I was going to buy it anyway, and I know that it won’t be on sale for a while after release.
So this is my chance to spend less money.

Should the module not be good enough for me to be enjoyable, then I just wait and fly something else.
As long as they finish it eventually (and I trust ED on that) I am fine.

The early access that bothered me most was the Mirage. I got it and learned everything, and then a lot of stuff changed. It wasn’t added or tweaked, it really changed. That killed my fun in the module because I had to unlearn things and learn them differently within the same plane.
The Hornet does it better. It is not complete, but the stuff that is already there basically works as it should. If ED does the same thing with the Viper I’ll be fine. Then I can learn it step by step as the systems and weapons are implemented.

Absolutely. But I’m not talking about the very few with legitimate concerns.
I’m addressing the vast majority of people who, quite frankly, are just complaining that the unfinished software is…unfinished. You can easily spot them in a crowd as they are wielding pitchforks. :wink:


That’s all well but then you are shifting the focus to the boring and tedious part. :slightly_smiling_face:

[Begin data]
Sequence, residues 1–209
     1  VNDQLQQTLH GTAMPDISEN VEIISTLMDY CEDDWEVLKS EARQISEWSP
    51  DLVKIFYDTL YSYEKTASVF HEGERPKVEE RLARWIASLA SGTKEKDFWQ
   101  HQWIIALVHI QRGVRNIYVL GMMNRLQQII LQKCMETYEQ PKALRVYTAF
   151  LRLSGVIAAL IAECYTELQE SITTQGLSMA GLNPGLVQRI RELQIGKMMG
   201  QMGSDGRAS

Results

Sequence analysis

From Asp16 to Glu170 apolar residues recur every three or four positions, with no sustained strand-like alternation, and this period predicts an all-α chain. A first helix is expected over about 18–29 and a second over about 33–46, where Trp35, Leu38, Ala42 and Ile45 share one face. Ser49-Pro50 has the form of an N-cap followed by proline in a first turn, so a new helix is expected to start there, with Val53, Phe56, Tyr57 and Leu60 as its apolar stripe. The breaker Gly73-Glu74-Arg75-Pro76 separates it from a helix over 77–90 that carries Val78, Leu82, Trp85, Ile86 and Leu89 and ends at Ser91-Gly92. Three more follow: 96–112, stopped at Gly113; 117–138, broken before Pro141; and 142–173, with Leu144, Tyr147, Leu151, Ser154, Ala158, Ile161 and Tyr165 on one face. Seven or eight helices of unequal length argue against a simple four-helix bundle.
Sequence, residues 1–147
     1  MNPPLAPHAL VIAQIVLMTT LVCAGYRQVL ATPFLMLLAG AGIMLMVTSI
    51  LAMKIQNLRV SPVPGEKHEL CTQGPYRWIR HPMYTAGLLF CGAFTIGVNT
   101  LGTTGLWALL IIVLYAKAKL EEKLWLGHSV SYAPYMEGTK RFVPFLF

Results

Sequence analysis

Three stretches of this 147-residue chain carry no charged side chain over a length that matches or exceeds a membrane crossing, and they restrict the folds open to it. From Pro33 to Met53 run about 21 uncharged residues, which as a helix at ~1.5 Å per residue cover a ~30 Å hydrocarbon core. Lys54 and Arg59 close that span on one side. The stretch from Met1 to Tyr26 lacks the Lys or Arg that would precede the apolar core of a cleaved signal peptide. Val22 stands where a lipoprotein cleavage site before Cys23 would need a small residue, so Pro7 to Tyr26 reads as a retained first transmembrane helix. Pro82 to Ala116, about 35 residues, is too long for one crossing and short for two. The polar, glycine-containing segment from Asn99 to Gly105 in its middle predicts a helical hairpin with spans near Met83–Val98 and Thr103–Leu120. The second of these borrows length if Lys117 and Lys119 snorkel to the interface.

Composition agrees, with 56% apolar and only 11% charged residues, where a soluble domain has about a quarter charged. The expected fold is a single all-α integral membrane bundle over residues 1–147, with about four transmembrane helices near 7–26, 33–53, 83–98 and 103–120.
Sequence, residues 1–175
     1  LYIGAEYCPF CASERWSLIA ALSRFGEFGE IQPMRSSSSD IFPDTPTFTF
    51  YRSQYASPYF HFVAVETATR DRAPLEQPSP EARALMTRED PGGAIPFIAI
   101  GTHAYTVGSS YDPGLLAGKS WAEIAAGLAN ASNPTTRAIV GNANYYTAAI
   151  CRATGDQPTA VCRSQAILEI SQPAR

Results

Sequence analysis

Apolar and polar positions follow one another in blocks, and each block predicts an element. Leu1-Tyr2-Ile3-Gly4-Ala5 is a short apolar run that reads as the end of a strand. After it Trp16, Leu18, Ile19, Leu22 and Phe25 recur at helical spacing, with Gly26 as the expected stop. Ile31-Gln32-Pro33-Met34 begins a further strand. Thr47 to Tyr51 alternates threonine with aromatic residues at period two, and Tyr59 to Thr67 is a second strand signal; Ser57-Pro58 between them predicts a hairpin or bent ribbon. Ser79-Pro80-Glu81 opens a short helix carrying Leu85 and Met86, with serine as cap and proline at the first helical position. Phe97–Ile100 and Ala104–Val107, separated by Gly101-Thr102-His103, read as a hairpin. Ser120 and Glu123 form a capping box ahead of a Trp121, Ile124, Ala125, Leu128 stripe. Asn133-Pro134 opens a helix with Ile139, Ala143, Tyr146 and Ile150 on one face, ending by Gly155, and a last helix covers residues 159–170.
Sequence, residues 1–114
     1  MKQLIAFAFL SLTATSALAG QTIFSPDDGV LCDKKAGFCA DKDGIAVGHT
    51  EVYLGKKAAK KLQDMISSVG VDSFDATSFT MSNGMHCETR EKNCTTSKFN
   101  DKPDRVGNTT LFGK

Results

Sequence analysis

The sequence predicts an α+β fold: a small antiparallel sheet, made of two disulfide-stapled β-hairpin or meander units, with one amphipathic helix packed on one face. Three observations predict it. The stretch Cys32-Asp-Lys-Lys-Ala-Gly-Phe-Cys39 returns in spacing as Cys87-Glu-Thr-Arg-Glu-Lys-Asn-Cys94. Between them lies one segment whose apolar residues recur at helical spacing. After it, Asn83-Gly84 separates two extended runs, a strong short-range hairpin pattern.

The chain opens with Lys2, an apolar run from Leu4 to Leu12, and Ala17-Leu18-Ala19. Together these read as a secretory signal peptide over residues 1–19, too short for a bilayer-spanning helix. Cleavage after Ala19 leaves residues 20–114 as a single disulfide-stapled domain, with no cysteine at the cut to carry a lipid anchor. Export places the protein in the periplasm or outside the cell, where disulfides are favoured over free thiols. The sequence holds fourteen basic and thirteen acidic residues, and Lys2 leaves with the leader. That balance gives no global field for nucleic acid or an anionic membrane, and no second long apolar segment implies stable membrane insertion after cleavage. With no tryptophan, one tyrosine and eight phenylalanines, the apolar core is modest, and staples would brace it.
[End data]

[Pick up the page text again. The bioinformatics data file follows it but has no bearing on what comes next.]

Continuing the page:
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True! :grin:

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Not at all.

I would say the module should be worth at minimum what you pay for it at the time you pay. Everything after that is gravy. I couldn’t put a price-tag on that.

Once you pay that money you have little real power to force further development. It’s not like you are going into contract with a home-builder with legal recourse if things don’t go as planned.

Angrily mashing away at a message board might seem a way forward, but end of day it is counter-productive. It removes value from your original purchase by creating a toxic community, and it discourages new customers from jumping onboard - thus reducing the chance that development will ever occur.